Video: USDA’s Mistreatment of Farmers & Ranchers Must End



Erin Anthony

Director, Communications

photo credit: AFBF Photo, Mike Tomko

Meet Charles Hood, a Virginia farmer who has been fighting for years to farm his own land because of an unfair treatment by USDA's Natural Resources Conservation Service.

Video transcript

Charles Hood:

Some people will say I was stupid for doing what I did, but I was standing up for what I thought was right, without the government trying to take people's land from them.

2006 I bought this land, I got my soil scientist, Jerry Quesenberry, to come out here with me because the land had, I thought, potential.

Jerry Quesenberry:

Mr. Hood contacted me, asked for my opinion, at that time I was just retired from the NRCS and my expertise is in soils and wetlands. So therefore, I said yes, you have a project here, told him what to do and what not to do and he proceeded with it.

Charles Hood:

Then I went to NRCS and got the guidance on cleaning the land up and what I was supposed to do, filling the proper procedures and then I started farming some of it and they said, well you're eligible on part of that land for the EQIP program, I did that, and I tried to do everything under the graces of the government.

And then in 2016, they came in and did a National Wetlands Inventory.

I thought everything was going real well and all of a sudden the plug got pulled and they were here like, all over me with a violation…and tied up everything with all of the farms that I was associated with.

They stopped me from planting…I could not get any federal benefits from it. It's been unreal.

Jerry Quesenberry:

Whenever Charles had bought this land, he approached me first before he bought the property, he went to the agency, they told him what he could do and couldn't do, he followed their procedures and they wanted to come back and question most of the things that he did do. They wanted to dispute how he cleaned the property up, and at that point, we got into the process of going through the appeal division and trying to resolve the issue.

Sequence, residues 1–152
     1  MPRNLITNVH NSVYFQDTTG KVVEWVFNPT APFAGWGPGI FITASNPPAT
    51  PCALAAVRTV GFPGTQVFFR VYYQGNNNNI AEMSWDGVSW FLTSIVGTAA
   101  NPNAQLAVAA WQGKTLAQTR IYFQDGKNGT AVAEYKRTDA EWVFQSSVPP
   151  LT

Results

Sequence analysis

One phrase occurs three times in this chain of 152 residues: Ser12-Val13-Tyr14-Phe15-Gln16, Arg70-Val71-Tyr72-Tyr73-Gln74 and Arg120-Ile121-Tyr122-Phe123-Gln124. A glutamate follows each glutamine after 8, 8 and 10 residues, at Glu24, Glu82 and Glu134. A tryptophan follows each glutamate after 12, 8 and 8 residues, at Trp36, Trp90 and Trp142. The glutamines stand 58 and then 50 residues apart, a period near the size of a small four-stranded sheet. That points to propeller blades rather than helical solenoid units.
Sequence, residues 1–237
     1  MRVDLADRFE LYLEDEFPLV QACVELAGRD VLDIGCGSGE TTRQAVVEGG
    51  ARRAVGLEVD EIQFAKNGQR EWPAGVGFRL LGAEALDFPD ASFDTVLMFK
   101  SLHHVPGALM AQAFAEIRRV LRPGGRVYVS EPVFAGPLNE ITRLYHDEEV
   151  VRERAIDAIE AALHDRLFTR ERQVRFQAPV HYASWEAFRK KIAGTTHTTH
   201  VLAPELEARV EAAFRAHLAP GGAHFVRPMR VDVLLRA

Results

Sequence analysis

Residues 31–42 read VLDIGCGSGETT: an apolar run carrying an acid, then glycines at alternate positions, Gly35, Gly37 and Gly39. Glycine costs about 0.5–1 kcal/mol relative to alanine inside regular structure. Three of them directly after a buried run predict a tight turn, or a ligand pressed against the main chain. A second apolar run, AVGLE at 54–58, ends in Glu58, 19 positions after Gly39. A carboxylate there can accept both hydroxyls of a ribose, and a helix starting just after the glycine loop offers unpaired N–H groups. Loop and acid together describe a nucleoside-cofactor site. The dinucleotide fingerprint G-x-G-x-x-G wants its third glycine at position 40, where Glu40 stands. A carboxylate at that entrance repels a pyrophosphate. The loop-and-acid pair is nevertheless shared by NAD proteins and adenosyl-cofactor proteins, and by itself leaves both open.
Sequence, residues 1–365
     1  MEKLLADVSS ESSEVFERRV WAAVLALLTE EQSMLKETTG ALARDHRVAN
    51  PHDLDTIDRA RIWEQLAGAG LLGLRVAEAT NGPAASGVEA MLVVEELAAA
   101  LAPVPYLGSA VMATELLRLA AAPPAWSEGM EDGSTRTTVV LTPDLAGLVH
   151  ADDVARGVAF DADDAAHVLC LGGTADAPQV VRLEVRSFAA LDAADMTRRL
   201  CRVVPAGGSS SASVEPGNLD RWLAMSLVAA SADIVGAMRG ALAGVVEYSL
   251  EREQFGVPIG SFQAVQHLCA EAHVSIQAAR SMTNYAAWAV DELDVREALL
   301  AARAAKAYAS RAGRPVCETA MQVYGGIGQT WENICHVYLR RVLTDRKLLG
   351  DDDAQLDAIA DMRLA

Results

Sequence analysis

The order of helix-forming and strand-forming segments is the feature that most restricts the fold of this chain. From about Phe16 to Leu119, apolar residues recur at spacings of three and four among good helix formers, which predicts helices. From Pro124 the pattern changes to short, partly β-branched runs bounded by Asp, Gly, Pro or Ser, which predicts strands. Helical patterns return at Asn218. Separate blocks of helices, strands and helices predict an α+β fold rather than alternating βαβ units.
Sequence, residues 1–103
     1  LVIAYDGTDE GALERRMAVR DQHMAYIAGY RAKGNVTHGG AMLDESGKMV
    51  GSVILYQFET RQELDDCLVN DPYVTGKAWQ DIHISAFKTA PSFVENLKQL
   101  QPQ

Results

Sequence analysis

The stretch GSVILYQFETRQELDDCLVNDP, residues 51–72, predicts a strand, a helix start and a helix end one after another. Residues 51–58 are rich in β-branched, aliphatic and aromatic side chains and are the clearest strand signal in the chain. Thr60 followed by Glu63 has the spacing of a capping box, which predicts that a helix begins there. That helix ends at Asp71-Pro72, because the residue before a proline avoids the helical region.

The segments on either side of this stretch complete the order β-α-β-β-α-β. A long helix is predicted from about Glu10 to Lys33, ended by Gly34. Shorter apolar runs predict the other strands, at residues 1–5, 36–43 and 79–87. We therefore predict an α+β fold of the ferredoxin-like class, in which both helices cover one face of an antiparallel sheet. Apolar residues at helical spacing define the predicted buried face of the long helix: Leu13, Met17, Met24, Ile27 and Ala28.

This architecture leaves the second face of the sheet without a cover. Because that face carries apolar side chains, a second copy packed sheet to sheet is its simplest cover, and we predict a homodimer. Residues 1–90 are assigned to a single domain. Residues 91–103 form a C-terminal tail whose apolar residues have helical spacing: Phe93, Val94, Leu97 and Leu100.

Charles Hood:

NRCS said I was in violation, we went through the appeal process, we went through it three times and we won each time and the NRCS would not accept the judge’s decision at any of those times and we won.

Jerry Quesenberry:

It was just out of hand, NRCS did not want to give up, they did not want to admit they had made a mistake on the original determination, and they kept fighting it saying, no, we’re going to show that this is a converted wetland.

Charles Hood:

Every time we would go through different hearings with them, they would say have you filed bankruptcy yet Mr. Hood, like it was, like they were trying to break me or something. But I've survived all of that and all that's past now.

I've probably aged more in the last four or five years than I have in a long time because of the stress and worry with this stuff.

I never dreamed this would have happened to me.

It's been a bureaucratic mess.

We have not on had a crop on this land since 2016 until this, 2019 we were able to put a crop back on it without fear of the government coming in here and messing with me.

I stuck with this because I thought it was the right thing to do and hopefully, I would be helping future generations and other farmers across the United States with this issue of dealing with the NRCS and I tried, and we won.